On this day in 2002, Paul and Sheila Wellstone, along with their daughter Marcia, three friends and two pilots, died in a crash that tore out our hearts.
Six days earlier they had all been at our house for a jam-packed celebratory fundraiser. Lines spilled out the doors, back and front, and people had brought him folksy gifts -- a loaf of baked bread, a customized T-shirt, a favorite book.
It was celebratory because also on this day five years ago Paul's poll numbers had spiked up six points, putting him safely ahead of Norm Coleman. It was the first poll taken after the "political suicide" of his 'no' vote on invading Iraq. And the rest is indeed history -- and what a sorry chapter it is. Please read on.
On the day they died the Star Trib called me and asked me to write about what the loss of Sheila meant to women. Sheila and I had worked together on various projects to end domestic violence and we were friends. At first I said I couldn't do it. I couldn't stop crying long enough to think or type. But then I thought of Sheila, and I pictured her in the heavens giving me a kick in the pants to get going, so I did. It wasn't great writing, but I got it in on a two hour deadline, and that's pretty much how my big-time "career" at the Strib was launched.
A year later I wrote the piece below. And I think I've written three or four op-eds about them since, at least so many that my editor cautioned me against writing myself into an all-Wellstone-all-the-time box. He was right, so I switched to the all-Bushco-all-the-time box.
Paul would have beaten Norm, and that would have made a difference, but in truth, not enough. His voice would have continued to ring out -- alone, and boy do we miss that voice, but with the Cheney et al putsch already underway, I doubt there's much that even St. Paul could have done. What a long dark stretch it's been.
Let's hope the light at the end of the tunnel isn't a train coming at us.
Published on Sunday, October 26, 2003 by the Minneapolis Star Tribune, formerly known as a newspaper.
"He's dead, get over it!" reads the bumper sticker seen around town in the state that once inspired the term "Minnesota Nice." The "he," of course, is Sen. Paul Wellstone, who died with his wife, daughter and colleagues in a fiery crash in the tamarack bogs of northern Minnesota one year ago this weekend.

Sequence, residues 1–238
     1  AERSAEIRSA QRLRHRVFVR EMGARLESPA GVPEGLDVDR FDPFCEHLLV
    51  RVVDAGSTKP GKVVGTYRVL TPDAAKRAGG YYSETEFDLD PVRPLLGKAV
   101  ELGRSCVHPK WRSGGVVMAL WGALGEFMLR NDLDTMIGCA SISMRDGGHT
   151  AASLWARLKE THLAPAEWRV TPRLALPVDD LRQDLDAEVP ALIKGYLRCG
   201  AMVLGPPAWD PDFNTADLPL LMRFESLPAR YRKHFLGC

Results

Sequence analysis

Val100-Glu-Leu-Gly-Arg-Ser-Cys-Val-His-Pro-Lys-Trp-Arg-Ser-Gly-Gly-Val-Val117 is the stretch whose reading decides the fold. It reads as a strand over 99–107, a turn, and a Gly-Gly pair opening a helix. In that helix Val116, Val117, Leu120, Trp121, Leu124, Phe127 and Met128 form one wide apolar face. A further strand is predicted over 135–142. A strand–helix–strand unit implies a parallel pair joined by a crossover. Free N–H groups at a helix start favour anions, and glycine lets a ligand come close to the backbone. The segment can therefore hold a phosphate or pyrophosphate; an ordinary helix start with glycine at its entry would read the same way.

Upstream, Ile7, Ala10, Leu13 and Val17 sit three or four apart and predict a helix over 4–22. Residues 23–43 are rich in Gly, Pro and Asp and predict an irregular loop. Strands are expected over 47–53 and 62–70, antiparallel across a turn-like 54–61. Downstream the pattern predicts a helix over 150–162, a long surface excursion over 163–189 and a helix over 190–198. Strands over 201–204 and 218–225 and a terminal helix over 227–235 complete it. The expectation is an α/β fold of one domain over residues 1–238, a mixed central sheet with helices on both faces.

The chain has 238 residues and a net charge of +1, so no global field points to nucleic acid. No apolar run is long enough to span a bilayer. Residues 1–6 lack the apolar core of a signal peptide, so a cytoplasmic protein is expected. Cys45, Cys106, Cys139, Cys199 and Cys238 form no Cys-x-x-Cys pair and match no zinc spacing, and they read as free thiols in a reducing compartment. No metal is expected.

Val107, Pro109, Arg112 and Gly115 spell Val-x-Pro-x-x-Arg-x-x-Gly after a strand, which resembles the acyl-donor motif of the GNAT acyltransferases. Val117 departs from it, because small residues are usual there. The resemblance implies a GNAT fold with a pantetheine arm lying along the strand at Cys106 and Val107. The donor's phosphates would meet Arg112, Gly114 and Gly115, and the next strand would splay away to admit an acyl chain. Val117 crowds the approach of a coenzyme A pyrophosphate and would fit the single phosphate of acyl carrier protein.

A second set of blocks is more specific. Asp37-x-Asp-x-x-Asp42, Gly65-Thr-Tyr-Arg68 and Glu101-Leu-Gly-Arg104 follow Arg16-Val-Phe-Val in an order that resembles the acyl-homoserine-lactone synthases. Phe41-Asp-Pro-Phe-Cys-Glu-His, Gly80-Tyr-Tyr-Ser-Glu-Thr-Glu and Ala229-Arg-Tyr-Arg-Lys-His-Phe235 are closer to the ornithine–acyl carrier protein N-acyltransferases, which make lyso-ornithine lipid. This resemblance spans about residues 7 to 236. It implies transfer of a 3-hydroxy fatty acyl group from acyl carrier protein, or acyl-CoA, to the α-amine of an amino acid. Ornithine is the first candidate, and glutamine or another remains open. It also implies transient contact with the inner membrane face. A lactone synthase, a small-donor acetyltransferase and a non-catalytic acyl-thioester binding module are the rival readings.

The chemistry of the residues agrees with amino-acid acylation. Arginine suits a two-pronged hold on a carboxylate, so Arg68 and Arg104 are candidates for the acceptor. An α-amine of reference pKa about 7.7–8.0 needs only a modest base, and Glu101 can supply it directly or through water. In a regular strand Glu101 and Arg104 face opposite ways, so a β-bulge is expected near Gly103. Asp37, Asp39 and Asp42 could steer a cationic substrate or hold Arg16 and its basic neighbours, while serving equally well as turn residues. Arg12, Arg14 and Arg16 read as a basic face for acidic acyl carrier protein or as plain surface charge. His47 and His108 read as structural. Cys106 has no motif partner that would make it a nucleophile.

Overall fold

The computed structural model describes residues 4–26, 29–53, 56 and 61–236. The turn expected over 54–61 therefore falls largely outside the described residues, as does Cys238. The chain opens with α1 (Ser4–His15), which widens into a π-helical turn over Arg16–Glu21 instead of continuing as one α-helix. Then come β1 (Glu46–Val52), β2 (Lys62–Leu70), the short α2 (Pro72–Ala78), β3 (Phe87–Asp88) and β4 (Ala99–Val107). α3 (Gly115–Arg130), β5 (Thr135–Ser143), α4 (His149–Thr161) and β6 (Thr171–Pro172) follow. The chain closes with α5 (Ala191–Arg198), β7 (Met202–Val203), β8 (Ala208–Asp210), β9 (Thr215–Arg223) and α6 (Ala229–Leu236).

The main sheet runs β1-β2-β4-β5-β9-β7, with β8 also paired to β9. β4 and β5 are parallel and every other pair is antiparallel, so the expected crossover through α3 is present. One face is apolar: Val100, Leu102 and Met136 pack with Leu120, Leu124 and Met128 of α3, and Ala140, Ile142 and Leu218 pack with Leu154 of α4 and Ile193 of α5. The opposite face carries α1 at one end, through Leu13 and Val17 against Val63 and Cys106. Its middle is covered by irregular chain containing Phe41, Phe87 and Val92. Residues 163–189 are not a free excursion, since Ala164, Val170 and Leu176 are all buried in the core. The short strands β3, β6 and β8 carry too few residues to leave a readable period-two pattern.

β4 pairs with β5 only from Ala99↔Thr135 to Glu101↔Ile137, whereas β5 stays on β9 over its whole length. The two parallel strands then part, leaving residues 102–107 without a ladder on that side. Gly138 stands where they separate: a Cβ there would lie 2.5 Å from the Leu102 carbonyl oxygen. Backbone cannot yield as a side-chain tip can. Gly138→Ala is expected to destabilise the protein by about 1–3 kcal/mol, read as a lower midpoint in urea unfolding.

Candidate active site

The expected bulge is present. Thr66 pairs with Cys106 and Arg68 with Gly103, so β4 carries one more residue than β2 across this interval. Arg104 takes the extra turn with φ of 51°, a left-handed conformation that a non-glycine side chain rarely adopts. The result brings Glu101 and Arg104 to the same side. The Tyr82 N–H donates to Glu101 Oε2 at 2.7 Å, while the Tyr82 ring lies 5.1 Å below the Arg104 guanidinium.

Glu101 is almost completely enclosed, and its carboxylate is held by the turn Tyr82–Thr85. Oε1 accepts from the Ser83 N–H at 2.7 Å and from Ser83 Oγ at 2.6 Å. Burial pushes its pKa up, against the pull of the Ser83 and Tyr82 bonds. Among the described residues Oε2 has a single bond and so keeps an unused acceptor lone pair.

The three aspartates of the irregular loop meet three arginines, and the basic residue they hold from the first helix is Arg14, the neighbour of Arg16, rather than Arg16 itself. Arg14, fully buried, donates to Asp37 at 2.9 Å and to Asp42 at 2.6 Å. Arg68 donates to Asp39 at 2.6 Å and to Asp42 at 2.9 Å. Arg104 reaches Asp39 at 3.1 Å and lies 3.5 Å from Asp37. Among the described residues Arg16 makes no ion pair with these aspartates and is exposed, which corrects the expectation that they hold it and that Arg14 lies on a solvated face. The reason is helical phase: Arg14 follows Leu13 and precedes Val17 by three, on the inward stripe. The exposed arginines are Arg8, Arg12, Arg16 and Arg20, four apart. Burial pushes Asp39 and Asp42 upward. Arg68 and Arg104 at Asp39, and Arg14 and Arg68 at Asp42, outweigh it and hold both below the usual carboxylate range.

Those who sport that withering sentiment, on their bumpers or in their hearts, don't deserve a further thought. But those who lost their lives do. We remember them, we mourn them -- and we know all too well that they are dead.
Veterans know it, from the absence of any voice in the Senate to question the shoddy treatment of our armed forces -- those serving heroically yet indefinitely in Iraq, those lying injured in substandard medical barracks back home, those facing pay cuts and reduced benefits for their sacrifices, those being buried at services their commander in chief has chosen not to attend.
Working people know it, when they see their benefits cut, their pay frozen, their pension funds depleted and their opportunities dead-ended by the loss of nearly 3 million jobs since President Bush took office.
Teachers know it, as they grapple with overcrowded classrooms, rigid and unfunded mandates and slashed "extras" like art, music and gym.
Families know it, when they suffer financial catastrophe because the insurance industry won't cover treatment for their mentally ill children.
Women and children know it, when they find that the programs that once offered them health and safety from domestic violence -- programs for which Paul and Sheila fought -- are no longer funded.
Voters know it, as they watch presidential contenders quibble
over who did or didn't oppose the war in Iraq, as Paul did with his courageous "no" vote in the final days of his toughest campaign.
Old-school Republicans -- and just about everyone else -- know it, when only a few bubbles of dissent swirl in the wake of a proposal to spend $87 billion more for a vague and bloated nation-building scheme in Iraq and Afghanistan.
Seniors, farmers, environmentalists, immigrants, firefighters, parole officers, nurses and parents know it -- as do, most of all, the surviving families of those who died.
But tragedy often begets action.
In just one year Wellstone Action, a nonprofit organization designed to educate and motivate people to get engaged in the grass-roots political process, has gotten off to a vigorous start, conducting Camp Wellstone training sessions across the nation.
The Sheila Wellstone Institute, a program of Wellstone Action, has been created by a broad coalition of domestic violence organizations. (The institute will hold its first national conference in Minneapolis on Nov. 13, with Arizona Gov. Janet Napolitano, a leader in efforts to end domestic violence in America, as the keynote speaker.)
"Carry It Forward," a documentary film about the Wellstones, is underway, being funded by hundreds of small neighborhood house parties all over Minnesota. It will be released in time to inspire voters to turn out in the 2004 election.
So about that bumper sticker: Yes, he's dead. But in these new projects, wrought of grief and gilded by love, the spirits of the dead live on.
As for getting over it? Sorry, not an option. If you really want to help, rip that nasty bumper sticker off your car and get to work.